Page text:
Background: Human papillomaviruses (HPVs) cause genital warts and cancers in men. The natural history of HPV infection in men is largely unknown, and that information is needed to inform prevention strategies. The goal in this study was to estimate incidence and clearance of type-specific genital HPV infection in men, and to assess the associated factors.
Methods: Men (aged 18-70 years), residing in Brazil, Mexico, and the USA, who were HIV negative and reported no history of cancer were recruited from the general population, universities, and organised health-care systems. They were assessed every 6 months for a median follow-up of 27·5 months (18·0-31·2). Specimens from the coronal sulcus, glans penis, shaft, and scrotum were obtained for the assessment of the status of HPV genotypes.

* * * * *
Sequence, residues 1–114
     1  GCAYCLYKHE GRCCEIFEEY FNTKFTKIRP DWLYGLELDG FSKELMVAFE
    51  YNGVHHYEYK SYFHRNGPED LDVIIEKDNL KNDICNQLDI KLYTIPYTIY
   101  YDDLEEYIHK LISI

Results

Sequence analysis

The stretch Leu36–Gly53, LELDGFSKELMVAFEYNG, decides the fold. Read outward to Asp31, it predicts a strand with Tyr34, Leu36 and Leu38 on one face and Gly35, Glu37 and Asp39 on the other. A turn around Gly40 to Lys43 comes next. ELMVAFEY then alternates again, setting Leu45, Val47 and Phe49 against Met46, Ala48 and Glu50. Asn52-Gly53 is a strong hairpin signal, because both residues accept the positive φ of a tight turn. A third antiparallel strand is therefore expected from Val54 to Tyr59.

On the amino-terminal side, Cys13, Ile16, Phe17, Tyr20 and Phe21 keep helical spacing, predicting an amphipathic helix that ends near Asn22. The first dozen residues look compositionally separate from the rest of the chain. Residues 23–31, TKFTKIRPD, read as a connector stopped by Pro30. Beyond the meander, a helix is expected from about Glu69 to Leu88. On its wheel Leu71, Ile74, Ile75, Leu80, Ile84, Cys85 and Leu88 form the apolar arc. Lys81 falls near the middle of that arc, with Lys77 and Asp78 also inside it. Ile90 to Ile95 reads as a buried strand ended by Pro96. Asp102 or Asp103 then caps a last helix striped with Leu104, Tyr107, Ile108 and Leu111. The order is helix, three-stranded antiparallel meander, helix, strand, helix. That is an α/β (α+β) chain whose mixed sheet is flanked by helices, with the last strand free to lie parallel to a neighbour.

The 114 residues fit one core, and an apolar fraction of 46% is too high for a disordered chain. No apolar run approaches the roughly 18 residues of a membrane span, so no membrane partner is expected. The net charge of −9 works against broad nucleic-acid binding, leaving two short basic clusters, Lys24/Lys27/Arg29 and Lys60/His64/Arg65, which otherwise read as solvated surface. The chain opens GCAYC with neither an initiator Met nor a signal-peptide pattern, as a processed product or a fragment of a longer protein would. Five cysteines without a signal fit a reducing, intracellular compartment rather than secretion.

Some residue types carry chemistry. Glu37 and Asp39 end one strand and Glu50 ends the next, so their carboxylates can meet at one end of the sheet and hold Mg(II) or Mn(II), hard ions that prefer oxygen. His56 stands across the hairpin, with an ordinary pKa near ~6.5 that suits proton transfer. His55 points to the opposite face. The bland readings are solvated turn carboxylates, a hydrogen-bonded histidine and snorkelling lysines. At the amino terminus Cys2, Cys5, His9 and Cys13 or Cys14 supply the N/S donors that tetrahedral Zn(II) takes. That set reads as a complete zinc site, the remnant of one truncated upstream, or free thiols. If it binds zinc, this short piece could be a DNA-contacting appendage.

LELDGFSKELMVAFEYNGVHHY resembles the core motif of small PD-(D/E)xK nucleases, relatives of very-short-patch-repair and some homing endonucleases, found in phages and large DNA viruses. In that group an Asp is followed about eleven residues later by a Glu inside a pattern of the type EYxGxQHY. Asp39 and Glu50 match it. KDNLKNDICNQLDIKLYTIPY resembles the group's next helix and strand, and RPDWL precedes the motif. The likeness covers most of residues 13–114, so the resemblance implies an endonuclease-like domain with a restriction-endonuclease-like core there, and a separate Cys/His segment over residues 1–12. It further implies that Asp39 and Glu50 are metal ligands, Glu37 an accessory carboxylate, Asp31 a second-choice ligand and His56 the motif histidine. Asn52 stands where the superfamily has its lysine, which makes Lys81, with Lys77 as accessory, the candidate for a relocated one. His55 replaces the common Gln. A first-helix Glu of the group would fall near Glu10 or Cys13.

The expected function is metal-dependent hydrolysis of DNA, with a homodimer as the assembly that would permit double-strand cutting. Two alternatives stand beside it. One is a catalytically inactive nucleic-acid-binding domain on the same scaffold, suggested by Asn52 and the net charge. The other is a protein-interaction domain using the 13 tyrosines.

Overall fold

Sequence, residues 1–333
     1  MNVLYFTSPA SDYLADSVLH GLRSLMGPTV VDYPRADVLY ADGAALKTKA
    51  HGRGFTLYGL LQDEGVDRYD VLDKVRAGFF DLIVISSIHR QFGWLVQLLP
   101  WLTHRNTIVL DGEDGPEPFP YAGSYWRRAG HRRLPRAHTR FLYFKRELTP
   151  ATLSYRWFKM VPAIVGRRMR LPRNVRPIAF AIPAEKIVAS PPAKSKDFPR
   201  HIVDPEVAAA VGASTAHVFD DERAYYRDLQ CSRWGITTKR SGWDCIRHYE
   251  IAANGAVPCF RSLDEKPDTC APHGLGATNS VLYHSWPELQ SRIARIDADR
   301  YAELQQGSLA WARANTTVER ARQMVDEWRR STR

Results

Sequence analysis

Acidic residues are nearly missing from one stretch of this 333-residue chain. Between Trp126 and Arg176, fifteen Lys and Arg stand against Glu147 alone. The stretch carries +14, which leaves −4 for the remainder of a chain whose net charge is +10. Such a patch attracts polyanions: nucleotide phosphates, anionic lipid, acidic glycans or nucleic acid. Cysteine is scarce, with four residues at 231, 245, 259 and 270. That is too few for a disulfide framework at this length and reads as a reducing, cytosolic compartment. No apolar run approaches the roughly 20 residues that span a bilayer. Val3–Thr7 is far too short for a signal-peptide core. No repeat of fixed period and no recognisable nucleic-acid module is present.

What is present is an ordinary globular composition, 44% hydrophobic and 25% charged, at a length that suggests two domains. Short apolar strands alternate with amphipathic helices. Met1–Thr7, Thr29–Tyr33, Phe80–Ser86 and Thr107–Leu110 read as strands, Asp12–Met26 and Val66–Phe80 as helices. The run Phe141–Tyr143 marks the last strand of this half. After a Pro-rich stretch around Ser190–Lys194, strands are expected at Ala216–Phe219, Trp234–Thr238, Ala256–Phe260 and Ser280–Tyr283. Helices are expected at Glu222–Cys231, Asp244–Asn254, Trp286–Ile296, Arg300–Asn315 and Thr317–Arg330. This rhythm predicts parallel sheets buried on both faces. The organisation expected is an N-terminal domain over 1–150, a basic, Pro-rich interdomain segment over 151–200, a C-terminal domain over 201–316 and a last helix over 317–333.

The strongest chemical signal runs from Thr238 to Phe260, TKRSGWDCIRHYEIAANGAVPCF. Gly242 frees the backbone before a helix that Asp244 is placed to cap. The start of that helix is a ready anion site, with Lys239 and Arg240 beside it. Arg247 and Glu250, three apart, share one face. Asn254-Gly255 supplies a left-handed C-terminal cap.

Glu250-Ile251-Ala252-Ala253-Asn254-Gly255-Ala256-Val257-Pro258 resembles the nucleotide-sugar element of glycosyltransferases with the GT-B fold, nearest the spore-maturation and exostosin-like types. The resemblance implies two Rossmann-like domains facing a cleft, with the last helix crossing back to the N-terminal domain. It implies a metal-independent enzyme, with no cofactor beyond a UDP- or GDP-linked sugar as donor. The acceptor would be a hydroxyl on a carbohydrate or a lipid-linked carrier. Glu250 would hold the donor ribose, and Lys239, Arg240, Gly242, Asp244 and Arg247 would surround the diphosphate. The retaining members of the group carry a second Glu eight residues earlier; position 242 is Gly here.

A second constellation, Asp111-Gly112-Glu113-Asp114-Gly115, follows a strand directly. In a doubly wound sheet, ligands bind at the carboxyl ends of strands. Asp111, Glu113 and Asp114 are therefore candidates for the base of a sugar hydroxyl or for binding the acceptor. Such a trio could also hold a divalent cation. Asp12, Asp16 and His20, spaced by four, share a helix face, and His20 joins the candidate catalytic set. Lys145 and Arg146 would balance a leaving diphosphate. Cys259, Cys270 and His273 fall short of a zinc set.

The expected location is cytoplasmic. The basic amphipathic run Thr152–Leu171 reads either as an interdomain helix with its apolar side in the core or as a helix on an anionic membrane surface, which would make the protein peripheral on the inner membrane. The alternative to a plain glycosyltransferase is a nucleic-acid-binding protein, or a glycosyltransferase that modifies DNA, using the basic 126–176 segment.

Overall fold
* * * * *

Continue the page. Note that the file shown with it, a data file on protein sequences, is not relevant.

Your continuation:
Findings: In 1159 men, the incidence of a new genital HPV infection was 38·4 per 1000 person months (95% CI 34·3-43·0). Oncogenic HPV infection was significantly associated with having a high number of lifetime female sexual partners (hazard ratio 2·40, 1·38-4·18, for at least 50 partners vs not more than one partner), and number of male anal-sexual partners (2·57, 1·46-4·49, for at least three male partners vs no recent partners). Median duration of HPV infection was 7·52 months (6·80-8·61) for any HPV and 12·19 months (7·16-18·17) for HPV 16. Clearance of oncogenic HPV infection decreased in men with a high number of lifetime female partners (0·49, 0·31-0·76, for at least 50 female partners vs not more than one partner), and in men in Brazil (0·71, 0·56-0·91) and Mexico (0·73, 0·57-0·94) compared with the USA. Clearance of oncogenic HPV was more rapid with increasing age (1·02, 1·01-1·03).
Interpretation: The data from this study are useful for the development of realistic cost-effectiveness models for male HPV vaccination internationally.
Funding: National Cancer Institute.
Copyright © 2011 Elsevier Ltd. All rights reserved.